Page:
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CHAPTER 4 MORPHOLOGY /ACTIVITY STUDIES OF NEW SERS-ACTIVE SUBSTRATES Introduction When analytical chemists turned their attention toward the possibility of using the technique of surface-enhanced Raman spectroscopy for routine analysis, one of their major concerns was the lack of preparation methods for SERS active substrates. The most important factors for such methods were that they be inexpensive, simple, and fast, with reproducible, strong SERS activity, especially at the argon ion laser wavelength of 514.5 nm, the most common excitation source for routine Raman spectroscopy. Little concern was given to the details of the surface morphology of the prepared substrates and their ability to be modeled with the electrodynamic theory. These analytically motivated surface preparation methods include the coating of fumed silica with silver by vacuum vapor deposition (Alak and Vo-Dinh, 1989) the coating of silver onto frosted glass slides using a Tollen's reduction of silver nitrate (Ni and Cotton, 1986) the coating of silver onto smooth microscope slides by direct chemical reduction using both the Rochelle salt process and the Brashear process (Boo et al., 1985), and the coating of silver onto Whatman #1 79

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80 cellulose filter paper (Berthod et al 1988; Laserna et al 1988a), and Whatman #5 cellulose filter paper (Laserna et al in press) by direct chemical reduction of an aqueous silver nitrate solution with an aqueous sodium borohydride solution. Another method of note involves evaporating silver onto polystyrene spheres which have been coated onto Whatman #50 filter paper (Vo-Dinh et al 1984) and glass slides (Moody et al., 1987). This method allows for the control of particle size by the choice of the polystyrene sphere size and control of the particle density by control of the initial concentration of spheres in solution. Experimental optimization of the sphere size, density, and coating thickness is given by Vo-Dinh et al (1989a) and this surface has been shown to have practical use in the detection of organophosphorous chemical agents (Alak and Vo-Dinh, 1987) and nitro polycyclic aromatic hydrocarbons (Enlow et al 1986). Two of the more unique surface preparation methods, mentioned here for completeness, involve the observation of a spectra sensitizing dye adsorbed to silver bromide crystals in a photographic film (Brandt, 1988), and the detection of SERS on silver nitrate photoreduced in solution (Ahem and Garrell, 1987) A number of researchers have attempted to develop methods to prepare metal substrates with control over the particle shape and size. These physically motivated surface preparation methods include the microlithographic production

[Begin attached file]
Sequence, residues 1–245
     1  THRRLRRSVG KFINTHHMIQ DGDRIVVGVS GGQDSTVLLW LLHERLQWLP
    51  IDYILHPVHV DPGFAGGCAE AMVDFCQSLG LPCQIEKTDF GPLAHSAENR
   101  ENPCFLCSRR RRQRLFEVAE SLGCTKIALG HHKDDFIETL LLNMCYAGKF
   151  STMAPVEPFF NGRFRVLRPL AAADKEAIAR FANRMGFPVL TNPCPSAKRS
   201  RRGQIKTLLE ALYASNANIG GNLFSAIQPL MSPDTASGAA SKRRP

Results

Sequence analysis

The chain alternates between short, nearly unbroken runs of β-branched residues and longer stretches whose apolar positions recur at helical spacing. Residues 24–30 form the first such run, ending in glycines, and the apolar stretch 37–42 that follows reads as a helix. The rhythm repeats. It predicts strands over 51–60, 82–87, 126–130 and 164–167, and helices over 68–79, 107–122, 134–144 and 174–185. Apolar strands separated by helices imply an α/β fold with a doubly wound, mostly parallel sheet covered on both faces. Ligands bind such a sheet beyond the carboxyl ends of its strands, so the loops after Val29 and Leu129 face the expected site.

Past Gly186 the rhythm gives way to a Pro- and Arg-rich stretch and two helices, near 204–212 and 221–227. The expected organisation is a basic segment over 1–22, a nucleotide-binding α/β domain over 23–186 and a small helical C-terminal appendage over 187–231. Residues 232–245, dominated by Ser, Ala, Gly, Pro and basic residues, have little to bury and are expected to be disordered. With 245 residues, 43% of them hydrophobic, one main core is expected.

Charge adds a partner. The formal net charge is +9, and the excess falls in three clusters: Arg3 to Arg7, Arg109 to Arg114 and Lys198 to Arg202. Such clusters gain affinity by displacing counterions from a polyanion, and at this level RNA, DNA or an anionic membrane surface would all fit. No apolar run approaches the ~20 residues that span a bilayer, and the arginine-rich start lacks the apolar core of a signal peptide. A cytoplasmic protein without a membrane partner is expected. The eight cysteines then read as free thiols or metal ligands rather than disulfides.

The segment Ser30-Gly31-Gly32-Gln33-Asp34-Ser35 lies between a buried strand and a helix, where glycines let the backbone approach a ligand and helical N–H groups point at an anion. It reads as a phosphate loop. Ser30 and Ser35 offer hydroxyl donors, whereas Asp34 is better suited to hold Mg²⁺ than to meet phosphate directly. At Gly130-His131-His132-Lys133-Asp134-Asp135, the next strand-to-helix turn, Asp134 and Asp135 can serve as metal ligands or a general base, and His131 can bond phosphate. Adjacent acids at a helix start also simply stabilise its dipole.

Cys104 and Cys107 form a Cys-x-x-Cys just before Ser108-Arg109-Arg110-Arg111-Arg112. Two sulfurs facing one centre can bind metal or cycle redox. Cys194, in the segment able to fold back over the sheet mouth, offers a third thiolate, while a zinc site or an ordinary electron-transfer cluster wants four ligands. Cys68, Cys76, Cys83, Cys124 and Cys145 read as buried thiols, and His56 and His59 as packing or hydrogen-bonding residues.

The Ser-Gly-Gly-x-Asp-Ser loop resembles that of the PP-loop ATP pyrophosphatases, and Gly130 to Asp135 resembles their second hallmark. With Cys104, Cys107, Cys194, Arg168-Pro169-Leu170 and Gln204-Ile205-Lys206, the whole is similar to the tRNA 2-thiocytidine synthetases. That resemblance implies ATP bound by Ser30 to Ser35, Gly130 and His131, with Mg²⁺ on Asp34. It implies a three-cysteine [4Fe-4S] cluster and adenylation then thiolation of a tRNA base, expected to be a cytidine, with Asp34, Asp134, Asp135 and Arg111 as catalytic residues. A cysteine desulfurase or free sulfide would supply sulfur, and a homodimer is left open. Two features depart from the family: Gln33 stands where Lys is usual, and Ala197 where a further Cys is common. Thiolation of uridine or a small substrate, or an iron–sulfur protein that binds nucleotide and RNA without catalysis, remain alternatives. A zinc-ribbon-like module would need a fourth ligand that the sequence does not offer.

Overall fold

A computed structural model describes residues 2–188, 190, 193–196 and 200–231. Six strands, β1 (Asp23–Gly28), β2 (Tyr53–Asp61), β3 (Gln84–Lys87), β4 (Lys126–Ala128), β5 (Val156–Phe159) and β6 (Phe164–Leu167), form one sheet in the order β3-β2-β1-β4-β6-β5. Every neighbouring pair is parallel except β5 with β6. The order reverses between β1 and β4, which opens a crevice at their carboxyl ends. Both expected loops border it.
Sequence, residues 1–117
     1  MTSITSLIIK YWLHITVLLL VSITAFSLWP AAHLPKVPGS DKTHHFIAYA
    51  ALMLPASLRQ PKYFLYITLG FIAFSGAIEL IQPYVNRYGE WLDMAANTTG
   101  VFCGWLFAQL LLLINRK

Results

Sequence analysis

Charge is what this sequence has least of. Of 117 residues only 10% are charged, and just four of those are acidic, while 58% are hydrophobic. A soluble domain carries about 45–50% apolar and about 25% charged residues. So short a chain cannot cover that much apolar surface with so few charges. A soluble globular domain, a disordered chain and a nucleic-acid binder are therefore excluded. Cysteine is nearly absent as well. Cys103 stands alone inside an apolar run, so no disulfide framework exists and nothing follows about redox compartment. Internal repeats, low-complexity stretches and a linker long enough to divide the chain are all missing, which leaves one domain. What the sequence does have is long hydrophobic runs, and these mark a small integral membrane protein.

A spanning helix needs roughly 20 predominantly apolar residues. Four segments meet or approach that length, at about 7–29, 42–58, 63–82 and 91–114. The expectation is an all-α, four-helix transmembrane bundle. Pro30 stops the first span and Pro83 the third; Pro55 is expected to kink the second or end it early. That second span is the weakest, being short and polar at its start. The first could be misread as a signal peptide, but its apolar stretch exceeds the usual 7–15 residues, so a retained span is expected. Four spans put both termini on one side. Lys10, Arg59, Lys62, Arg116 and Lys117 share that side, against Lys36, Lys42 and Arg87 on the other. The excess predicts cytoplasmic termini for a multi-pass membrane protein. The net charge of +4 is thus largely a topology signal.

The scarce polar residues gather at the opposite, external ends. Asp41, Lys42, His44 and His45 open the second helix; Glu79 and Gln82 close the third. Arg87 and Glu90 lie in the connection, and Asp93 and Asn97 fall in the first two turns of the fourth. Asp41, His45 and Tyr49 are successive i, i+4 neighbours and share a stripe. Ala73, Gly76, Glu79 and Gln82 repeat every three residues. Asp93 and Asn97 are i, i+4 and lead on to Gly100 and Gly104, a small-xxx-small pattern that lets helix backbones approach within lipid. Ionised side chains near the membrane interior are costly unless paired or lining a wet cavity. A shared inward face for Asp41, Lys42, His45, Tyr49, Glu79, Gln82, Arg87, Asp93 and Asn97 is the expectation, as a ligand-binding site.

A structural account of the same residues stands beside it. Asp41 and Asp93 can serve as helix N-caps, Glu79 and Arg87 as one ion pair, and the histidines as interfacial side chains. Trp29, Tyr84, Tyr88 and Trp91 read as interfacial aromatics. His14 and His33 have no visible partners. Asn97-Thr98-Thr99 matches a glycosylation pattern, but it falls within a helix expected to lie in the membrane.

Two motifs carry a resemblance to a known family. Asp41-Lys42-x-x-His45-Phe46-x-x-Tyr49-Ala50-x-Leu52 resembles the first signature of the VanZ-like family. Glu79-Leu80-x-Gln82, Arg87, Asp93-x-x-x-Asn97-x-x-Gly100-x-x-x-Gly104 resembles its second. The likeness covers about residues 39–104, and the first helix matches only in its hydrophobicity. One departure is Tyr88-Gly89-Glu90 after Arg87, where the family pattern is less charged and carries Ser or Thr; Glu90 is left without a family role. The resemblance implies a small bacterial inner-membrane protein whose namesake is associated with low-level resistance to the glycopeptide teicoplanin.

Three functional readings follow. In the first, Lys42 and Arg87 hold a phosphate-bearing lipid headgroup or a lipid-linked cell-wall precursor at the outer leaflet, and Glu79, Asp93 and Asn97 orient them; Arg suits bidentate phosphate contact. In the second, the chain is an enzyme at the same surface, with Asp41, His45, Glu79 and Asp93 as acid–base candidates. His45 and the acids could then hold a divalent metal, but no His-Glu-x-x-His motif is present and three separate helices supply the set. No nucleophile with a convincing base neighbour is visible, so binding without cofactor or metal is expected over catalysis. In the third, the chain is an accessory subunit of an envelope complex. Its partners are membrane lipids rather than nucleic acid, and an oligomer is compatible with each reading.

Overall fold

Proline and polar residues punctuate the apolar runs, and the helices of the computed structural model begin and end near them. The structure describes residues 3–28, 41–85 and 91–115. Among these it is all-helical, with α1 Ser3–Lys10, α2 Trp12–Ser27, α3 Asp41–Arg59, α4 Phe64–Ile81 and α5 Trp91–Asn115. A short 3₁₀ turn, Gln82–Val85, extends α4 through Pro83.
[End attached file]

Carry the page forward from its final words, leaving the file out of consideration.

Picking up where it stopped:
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81 of ordered arrays of quartz used as templates for evaporated silver (Liao, 1982), stochastic arrays of quartz posts used as templates for evaporated silver (Meier et al 1985; Vo-Dinh et al 1986), and island films of metals such as silver and indium (Jennings et al 1984). Although these methods produced some of the most strongly SERS-active substrates prepared, the time involved in using these methods (e.g. several hours for 1 cm^ for the ordered quartz post array) is prohibitive for routine analysis. Two excellent reviews of the relative merits of all of the substrates mentioned above have been published (Vo-Dinh et al 1988; Vo-Dinh, 1989). The common element in the majority of the above surface preparation methods is the evaporation of metallic silver or the reduction of a silver salt onto a solid support. These two techniques allow for the rapid and inexpensive deposition of silver onto a surface. The most difficult aspect of these methods is the control of the size, shape, uniformity, and density of the silver surface features deposited. Choice of the support to be used is one of the major determining factors in obtaining this control. This chapter describes the use of these two techniques on a variety of new solid supports with the intent of improving the uniformity and density of the silver particles deposited onto the surface. The solid supports used include two small pore size cellulose filter membranes from Millipore (0.025 jum and 0.22 fMja) frosted glass slides, and a native silver filter